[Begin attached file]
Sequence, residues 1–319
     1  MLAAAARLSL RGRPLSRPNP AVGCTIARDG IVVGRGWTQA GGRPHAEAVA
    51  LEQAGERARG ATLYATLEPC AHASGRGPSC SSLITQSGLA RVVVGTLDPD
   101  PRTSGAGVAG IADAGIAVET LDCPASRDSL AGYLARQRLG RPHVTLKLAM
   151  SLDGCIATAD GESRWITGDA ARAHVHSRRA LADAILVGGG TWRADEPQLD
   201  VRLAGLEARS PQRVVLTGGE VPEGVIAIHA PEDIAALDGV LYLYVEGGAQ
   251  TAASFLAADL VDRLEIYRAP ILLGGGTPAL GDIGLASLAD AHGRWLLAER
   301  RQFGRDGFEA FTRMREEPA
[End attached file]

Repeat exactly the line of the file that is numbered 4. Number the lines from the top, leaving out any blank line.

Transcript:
   101  PRTSGAGVAG IADAGIAVET LDCPASRDSL AGYLARQRLG RPHVTLKLAM